A Canberra teenager will spend six months in youth detention for his role in an extortion ring that targeted men through the gay hook-up app Grindr and threatened to expose them as paedophiles.
Chief Magistrate Lorraine Walker said the boy, 17, was driven by greed and a "self-serving sense of vigilantism" when he lured two men and demanded they hand over cash and mobile phones in a "calculated entrapment" that preyed on vulnerable victims.
Police charged four males, including the boy's older brother, in February after they cracked the syndicate and linked it with the suicide in NSW of one of the victims.
The boy pleaded guilty in the ACT Childrens' Court to two blackmail offences, as well as growing and possessing cannabis after police found four plants when they searched his bedroom.
In the first incident, he and his brother allegedly arranged to meet a man through Grindr, threatening to "ruin his life" by publishing messages and photographs exchanged on the social media app if he didn't hand over cash in early January.
The males told the man they wanted to "lock up people like him", but the man refused to comply with their demands.
A few days later, the group again used the gay dating app to contact the man who later died by suicide.
The boy prepared a dossier on the man, including online messages, photographs and details of ACT child sex offences, before he and several others met the man at Mawson shops at night.
They threatened to expose the information contained in the profile unless he handed over his phone and withdrew cash from an ATM.
A few hours later, the boy and two other teens were refused entry when they knocked on the door of the man's home. He was found dead that afternoon. His death has not been treated as suspicious.
About an hour later, the boy had written on the man's Facebook page he had videos ready to upload to YouTube and posters he would pin up around Calwell shops.
In a social media message sent soon after he learned of the man's death, he wrote: "I contributed to a sick bastard killing himself".
Prosecutors argued during sentence proceedings there was a "nexus" between the boy's crimes and the man's suicide, while his defence team said there was no evidence of a causal connection between the two.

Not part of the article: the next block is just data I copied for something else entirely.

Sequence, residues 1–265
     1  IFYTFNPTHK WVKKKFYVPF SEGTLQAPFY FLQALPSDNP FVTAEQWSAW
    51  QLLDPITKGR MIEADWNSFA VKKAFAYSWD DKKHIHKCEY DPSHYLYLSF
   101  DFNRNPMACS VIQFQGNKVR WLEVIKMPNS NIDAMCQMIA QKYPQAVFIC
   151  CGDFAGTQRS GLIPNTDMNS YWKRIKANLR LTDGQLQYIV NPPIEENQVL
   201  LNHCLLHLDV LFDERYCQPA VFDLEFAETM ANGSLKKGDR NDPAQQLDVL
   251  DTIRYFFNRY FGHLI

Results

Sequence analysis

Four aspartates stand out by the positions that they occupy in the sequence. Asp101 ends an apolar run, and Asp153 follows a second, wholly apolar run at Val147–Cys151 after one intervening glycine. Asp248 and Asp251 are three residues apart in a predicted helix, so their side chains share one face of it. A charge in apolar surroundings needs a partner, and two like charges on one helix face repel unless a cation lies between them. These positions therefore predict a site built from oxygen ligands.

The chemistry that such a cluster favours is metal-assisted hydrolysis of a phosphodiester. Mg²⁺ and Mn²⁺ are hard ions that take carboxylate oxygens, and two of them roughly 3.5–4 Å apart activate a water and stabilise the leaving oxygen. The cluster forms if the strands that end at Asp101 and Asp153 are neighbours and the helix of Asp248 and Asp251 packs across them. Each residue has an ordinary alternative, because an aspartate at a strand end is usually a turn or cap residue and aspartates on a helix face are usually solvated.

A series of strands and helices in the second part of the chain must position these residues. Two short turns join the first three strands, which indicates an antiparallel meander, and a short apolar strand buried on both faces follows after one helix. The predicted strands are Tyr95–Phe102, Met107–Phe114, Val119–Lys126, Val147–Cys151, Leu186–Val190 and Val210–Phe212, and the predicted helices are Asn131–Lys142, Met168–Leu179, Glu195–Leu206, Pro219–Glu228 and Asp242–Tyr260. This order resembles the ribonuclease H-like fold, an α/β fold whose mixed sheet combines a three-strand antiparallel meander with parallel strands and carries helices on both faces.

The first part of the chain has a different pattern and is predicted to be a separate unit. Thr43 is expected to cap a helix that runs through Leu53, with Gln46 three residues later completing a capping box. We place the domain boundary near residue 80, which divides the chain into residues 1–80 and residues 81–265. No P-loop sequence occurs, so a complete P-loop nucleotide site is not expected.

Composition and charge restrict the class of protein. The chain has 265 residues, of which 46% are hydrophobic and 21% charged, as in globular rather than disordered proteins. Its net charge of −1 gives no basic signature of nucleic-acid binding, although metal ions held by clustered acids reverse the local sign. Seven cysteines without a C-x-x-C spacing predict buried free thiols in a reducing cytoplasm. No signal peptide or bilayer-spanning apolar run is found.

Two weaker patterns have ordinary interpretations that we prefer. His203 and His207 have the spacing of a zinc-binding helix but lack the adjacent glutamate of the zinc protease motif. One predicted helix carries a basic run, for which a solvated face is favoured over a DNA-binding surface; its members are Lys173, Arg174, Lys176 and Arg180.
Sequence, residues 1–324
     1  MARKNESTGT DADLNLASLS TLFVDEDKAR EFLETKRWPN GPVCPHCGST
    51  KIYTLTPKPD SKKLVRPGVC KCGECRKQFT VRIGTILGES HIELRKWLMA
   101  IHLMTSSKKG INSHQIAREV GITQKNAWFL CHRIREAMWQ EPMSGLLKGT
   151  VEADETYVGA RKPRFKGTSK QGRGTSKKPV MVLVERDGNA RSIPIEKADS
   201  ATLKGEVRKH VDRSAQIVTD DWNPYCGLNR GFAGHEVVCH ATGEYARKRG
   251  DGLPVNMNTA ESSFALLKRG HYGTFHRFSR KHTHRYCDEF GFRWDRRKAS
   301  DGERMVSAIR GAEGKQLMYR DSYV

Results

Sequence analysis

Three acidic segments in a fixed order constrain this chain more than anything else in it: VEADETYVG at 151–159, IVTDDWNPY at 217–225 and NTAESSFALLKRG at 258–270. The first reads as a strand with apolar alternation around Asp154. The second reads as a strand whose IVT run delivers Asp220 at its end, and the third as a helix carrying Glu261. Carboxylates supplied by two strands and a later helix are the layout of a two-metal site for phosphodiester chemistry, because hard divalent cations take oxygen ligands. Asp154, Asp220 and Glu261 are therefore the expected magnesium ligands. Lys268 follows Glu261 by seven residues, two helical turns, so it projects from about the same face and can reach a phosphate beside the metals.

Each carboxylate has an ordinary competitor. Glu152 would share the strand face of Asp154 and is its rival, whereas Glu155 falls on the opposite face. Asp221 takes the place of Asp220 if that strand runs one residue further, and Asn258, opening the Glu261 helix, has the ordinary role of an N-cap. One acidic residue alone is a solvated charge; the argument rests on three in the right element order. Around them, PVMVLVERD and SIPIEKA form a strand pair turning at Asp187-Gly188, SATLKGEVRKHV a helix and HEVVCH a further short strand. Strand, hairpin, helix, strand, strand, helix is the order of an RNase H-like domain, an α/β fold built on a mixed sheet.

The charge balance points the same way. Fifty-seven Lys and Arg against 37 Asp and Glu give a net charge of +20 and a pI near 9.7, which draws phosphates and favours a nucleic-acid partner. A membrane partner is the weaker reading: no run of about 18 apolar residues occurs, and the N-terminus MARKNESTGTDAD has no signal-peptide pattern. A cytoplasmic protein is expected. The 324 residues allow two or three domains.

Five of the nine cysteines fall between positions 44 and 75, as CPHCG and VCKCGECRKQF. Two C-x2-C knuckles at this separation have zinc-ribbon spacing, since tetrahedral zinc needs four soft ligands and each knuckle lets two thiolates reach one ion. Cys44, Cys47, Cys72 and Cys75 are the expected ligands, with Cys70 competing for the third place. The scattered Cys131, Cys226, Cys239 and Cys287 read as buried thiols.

The man's mother said she was "overwhelmed by the horror" of her son's death and he had everything to live for as she spoke of her pain and grief at his death in an emotional victim impact statement her partner read in court earlier this week.
"My beautiful, kind, gentle and loving son was snatched away from life.
"I often think of his last moments. He must have been so distraught and in such fear."
In her sentencing remarks, Ms Walker said the online messages the defendant wrote soon after the man's suicide demonstrated "a disturbing callousness" towards his death, despite "some incongruous utterances of regret".
She said while there was "a close correlation" between the boy's offending and the victim's suicide, she could not find his crimes directly caused the man to take his own life.
But Ms Walker, while acknowledging the tragedy of his premature death and the "unfathomable grief" it undoubtedly caused his family, found she could not take it into account in sentencing the boy.
She said the boy had a reasonably stable upbringing but noted the boy's father was sexually abused as a child. She said his experience may have influenced his son's views towards gay men.
"[He] has an immature view in which he has conflated the notions of homosexuality and paedophilia. It goes without saying these are as different as chalk and cheese.
"I cannot be satisfied he now thinks differently."
Ms Walker sentenced the boy to 19 months' detention, to be suspended from mid-August upon him entering a 12-month good behaviour order.
Two other boys have pleaded guilty to offences linked to the scam. The boy's older brother plans to fight the charges in the Magistrates Court.
If you or someone you know needs help, contact beyondblue on 1300 22 4636, Lifeline on 13 11 44 or Kid's HelpLine on 1800 55 1800.
Sign up for our newsletter to stay up to date.